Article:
Europe: Political events move to the forefront again, as U.K. Prime Minister May is set to meet EU’s Juncker and Barnier on Monday and Germany’s Social Democrats are inching closer towards formal coalition talks with Chancellor Merkel and her CDU/CSU alliance. SPD leader Schulz has a chance to put the issue to a vote at a party conference this week but as the last round of coalition talks showed, even the start of formal negotiations would not secure that there will be a deal at the end.  Data releases this week are expected to confirm the stronger than expected growth trajectory. The final reading of the November Eurozone Services PMI (Tuesday) is expected to be confirmed at 56.2, with companies reporting swift job creation, but also a buildup of inflationary pressures that will add to the arguments of the hawks at the ECB. German October manufacturing orders (Wednesday) may be expected to correct -0.2% m/m , after the rise of 1.0% m/m in the previous month, but the overall trend remains very strong. Meanwhile German industrial production should still benefit from the robust rise in orders in previous months and is expected to have expanded 1.0% m/m in October. The data calendar also includes German trade data, French production, Eurozone retail sales and producer price inflation. Supply comes from Germany, with a EUR 2 bln 10-year Bund auction scheduled for Wednesday.

UK: Monday’s meeting between British PM May and top EU officials will draw a lot of attention, as this is the juncture when an agreement on divorcing terms is now widely expected to be announced. The pound rallied by over 1% last week at the prompt of media reports suggest that both the UK and the EU have reached a concord with both the final financial settlement Britain will pay before leaving, to square exiting obligations, and the Irish border issue — the two thorniest issues of the three issues that comprise the overall divorcing arrangements (the other being the rights of EU and British citizens living in each other’s territory). Should this prove the case, talks on a post-Brexit trading relationship can begin, along with the possibility of a transitory period.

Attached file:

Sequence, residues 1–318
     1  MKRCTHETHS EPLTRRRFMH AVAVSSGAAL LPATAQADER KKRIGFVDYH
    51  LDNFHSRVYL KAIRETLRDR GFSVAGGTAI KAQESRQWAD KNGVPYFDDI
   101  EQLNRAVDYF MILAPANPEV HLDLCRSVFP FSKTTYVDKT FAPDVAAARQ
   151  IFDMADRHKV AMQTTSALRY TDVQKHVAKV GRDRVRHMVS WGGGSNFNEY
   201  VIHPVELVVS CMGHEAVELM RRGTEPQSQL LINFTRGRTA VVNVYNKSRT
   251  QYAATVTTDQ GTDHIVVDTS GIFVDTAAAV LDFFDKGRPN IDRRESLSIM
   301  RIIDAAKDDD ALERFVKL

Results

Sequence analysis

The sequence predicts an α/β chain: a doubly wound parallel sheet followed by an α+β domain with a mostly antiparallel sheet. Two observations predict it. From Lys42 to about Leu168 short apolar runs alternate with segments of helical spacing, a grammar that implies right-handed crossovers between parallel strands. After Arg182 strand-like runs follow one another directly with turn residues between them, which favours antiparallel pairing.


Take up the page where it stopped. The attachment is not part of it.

The data calendar this week is highlighted by the release of the construction and service-sector PMI November surveys (Monday and Tuesday, respectively). These will follow the much stronger than expected November PMI report for the manufacturing sector, released on Friday, which has offered fresh evidence of the impact that a competitive exchange rate and rising European demand have been having on the sector. Production and trade figures for October are also due on Friday.

Japan: In Japan,  November services PMI (Tuesday) is penciled in edging up to 53.5 from 53.4 previously. Revised Q3 GDP (Friday) is forecast to improve to a 1.6% y/y pace, from the initial 1.4% reading. Also, the October current account surplus is seen narrowing to JPY 1,700 bln from 2,271 bln in September. November bank loan figures are also on deck Friday.

China: China November Caixin/Markit services PMI (Tuesday) is forecast at 51.5 from 51.2, while the November trade report (Friday) should see the surplus narrow to $35.0 bln from $38.2 bln. November CPI and PPI (Saturday) should show some slowing in inflation and we estimate the former at a 1.7% y/y clip from 1.9%, and 5.9% y/y from 6.9% for the latter.

Australia: The RBA is seen holding rates steady at the current 1.50% rate setting (Tuesday). The Q3 current account deficit (Tuesday) is seen narrowing to -A$9.0 bln from -A$9.6 bln. Retail sales (Tuesday) are expected to expand 0.3% m/m in October after the flat reading in September. GDP (Wednesday) is expected grow with a 0.5% gain (q/q, sa) in Q3 after the 0.8% improvement in Q2. The trade surplus (Thursday) is anticipated at A$1.9 bln in October from A$1.7 bln in September. Housing investment (Friday) is expected to rise 2.0% m/m in October after the 2.3% drop in September.

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Andria Pichidi

Market Analyst